Franciszek Honiok

Franciszek Honiok (1896 – 31 August 1939) was a Polish man who is famous for having been the first victim of World War II, on the evening of 31 August 1939.[1][2]

Franciszek Honiok
Franz-honiok.jpg
Born1896
DiedAugust 31, 1939
Cause of deathshot by SS team

He was one of several unfortunate victims of the Gleiwitz incident, a multi-part false flag operation contrived by German Schutzstaffel (SS) Reichsführer Heinrich Himmler and his deputy, Obergruppenführer Reinhard Heydrich, as a pretext for carrying out German Führer Adolf Hitler's plan to invade Poland.[3]

BackgroundEdit

A self-described Silesian (German: Oberschlesier, Silesian: Ślōnzŏk), Franciszek Honiok was a 43-year-old unmarried Catholic farmer and agricultural equipment salesman. Born in 1896 in Upper Silesia (a border region spanning present-day Poland and the Czech Republic), he had fought on the Polish side during the 1921 Silesian Uprisings that followed World War I. After a brief spell living in Poland, he returned to Germany in 1925, where he was forced to fight deportation back to Poland—a case he successfully pursued all the way to the League of Nations in Geneva. Though his firebrand days may have been over by 1939, Honiok was still well known in his home village of Hohenlieben (modern-day Łubie), about 10 miles (16 km) north of Gleiwitz (modern‐day Gliwice) and at the time a part of Germany, as a staunch advocate of the Polish cause.[4]

ArrestEdit

Honiok was arrested by the SS in the village of Pohlom on 30 August 1939, having been ruthlessly selected as a person who could provide "proof" of Polish aggression against Germany. He appears to have been selected because of his reputation as a Polish nationalist, which derived from his involvement in a number of local revolts against German rule in Silesia. According to his surviving family in Poland, Honiok identified strongly with Silesia and Poland. Following his arrest, he underwent a brief incarceration at the police barracks in Beuthen.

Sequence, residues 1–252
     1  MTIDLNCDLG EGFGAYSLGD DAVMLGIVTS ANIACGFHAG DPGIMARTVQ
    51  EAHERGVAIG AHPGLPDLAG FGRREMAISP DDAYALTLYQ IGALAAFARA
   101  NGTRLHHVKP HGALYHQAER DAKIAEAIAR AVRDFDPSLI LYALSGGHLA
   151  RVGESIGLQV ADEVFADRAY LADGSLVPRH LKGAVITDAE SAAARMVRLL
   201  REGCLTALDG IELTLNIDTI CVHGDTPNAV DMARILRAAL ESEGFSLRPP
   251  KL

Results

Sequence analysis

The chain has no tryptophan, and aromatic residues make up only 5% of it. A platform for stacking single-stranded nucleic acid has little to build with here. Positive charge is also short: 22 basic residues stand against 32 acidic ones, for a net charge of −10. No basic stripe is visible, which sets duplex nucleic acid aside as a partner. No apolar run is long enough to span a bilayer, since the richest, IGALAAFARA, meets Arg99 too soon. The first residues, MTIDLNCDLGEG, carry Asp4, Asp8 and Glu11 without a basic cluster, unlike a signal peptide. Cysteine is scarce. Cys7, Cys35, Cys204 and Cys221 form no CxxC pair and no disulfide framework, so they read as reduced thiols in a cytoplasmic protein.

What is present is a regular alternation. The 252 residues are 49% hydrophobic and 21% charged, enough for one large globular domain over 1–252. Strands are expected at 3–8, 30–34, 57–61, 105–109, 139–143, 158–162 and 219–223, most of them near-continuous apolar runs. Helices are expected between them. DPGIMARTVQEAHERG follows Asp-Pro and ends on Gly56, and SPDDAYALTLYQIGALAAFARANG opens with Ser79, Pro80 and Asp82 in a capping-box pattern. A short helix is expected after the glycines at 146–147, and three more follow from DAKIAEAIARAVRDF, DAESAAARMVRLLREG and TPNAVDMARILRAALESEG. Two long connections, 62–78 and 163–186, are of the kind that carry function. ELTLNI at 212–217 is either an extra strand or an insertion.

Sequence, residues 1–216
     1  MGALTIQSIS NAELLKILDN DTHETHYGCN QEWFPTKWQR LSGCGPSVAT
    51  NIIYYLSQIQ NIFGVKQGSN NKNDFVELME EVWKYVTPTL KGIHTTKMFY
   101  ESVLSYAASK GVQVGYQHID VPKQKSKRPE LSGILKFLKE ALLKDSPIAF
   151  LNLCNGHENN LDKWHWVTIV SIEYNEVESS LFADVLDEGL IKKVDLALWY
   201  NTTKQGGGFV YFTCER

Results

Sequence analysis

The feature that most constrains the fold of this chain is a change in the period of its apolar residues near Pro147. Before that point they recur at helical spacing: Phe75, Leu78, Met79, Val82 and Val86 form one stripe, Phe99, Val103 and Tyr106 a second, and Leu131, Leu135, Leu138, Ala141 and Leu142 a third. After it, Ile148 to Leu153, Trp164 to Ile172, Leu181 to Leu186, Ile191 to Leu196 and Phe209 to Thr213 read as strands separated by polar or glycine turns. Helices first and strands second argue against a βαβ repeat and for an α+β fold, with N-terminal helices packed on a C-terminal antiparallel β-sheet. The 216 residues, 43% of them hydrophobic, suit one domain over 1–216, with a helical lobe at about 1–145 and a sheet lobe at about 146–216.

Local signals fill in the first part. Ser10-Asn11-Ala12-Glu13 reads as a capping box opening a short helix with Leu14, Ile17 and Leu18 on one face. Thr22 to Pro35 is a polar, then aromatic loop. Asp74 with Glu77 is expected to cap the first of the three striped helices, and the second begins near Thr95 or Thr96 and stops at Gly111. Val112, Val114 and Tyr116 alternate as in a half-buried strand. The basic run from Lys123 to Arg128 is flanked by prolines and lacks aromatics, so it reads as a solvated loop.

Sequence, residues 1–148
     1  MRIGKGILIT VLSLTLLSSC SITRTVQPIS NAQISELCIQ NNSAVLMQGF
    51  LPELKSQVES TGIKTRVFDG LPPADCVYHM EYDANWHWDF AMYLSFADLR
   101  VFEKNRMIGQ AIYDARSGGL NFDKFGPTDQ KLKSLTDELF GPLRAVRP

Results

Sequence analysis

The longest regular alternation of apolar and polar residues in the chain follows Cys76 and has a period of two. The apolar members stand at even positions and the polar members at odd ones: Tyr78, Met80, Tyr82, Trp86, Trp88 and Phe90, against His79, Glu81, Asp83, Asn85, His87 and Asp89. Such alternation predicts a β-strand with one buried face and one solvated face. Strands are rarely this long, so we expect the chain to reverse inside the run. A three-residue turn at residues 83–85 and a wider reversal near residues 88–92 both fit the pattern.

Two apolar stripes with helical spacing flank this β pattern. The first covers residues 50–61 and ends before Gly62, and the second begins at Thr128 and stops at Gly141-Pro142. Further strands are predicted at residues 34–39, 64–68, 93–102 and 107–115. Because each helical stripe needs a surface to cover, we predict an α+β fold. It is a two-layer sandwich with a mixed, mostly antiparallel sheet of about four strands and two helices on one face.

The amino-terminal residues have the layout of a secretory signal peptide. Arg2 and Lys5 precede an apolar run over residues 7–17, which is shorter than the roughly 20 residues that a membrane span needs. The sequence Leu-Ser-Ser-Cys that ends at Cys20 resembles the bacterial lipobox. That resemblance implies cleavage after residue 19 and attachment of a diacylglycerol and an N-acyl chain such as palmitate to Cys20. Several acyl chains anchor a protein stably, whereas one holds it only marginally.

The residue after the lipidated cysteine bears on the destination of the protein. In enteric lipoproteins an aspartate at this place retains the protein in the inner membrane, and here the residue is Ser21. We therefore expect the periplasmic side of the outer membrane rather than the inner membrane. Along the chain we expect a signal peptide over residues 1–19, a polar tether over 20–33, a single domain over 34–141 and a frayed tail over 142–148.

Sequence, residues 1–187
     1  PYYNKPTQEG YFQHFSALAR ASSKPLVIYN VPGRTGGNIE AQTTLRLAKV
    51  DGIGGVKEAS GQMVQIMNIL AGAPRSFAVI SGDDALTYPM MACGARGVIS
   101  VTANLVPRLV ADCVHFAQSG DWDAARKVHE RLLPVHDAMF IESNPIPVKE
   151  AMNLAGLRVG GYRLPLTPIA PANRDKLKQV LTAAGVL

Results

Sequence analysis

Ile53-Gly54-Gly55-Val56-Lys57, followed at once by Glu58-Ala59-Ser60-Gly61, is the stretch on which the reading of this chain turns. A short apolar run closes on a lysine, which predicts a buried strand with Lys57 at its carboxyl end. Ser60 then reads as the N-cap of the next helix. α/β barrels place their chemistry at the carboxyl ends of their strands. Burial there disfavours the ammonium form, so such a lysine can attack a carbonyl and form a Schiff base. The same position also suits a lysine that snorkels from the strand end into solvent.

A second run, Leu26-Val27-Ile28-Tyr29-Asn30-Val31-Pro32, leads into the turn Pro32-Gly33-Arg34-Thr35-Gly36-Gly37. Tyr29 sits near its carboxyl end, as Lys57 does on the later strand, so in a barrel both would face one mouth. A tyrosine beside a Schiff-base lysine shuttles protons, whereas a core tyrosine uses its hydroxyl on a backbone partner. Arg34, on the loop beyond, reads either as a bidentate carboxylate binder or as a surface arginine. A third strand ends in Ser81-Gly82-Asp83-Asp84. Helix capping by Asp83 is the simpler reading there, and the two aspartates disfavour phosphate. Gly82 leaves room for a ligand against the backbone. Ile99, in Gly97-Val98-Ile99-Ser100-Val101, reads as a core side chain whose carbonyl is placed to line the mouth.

Heydrich connectionEdit

Much of what is known about Operation Himmler and the Gleiwitz incident comes from the testimony of Alfred Naujocks, the SS-Sturmbannfuhrer (Major) who was in charge of organizing the incident for Heydrich, during the 1945 Nuremberg trials.[5] Naujocks testified that during a meeting in Berlin, Heydrich instructed him that a body, dressed in a Polish military uniform, was to be left on the steps of the Gleiwitz radio station in order to insinuate a Polish connection. The top-secret operation was given a codeword, Großmutter gestorben ("Grandmother died"), to be used by Heydrich to indicate to Naujocks via telephone that the operation was to commence.

DeathEdit

Honiok was injected with drugs[which?] to sedate him before the raid. He was then dragged semi-unconscious into the radio station, where he was shot in the head during the evening of 31 August. Naujocks added that Honiok had been referred to as a piece of Konserve, or "canned meat", which could be prepared in advance and used to suggest Polish involvement in the attack.

Germany invaded Poland the next morning, on 1 September 1939, which proved the proximate cause and the opening action of World War II. Honiok's murder by the SS is therefore sometimes credited as the first official casualty of the war. The location of Honiok's body is unknown, and no memorial exists in his memory.

ReferencesEdit

  1. ^ Lightbody, Bradley (31 July 2004). The Second World War: Ambitions to Nemesis (2004 ed.). Routledge. p. 304. ISBN 9781134592722.
  2. ^ Graham, Bob. "World War II's first victim". The Telegraph. Telegraph Media Group. Archived from the original on 14 March 2012. Retrieved 29 December 2018.
  3. ^ "The Learning Network". The New York Times.
  4. ^ Moorhouse, Roger. "The Man Who Started World War II". History Net. World War II magazine. Retrieved 29 December 2018.
  5. ^ "Connecticut Digital Archive | Connect. Preserve. Share".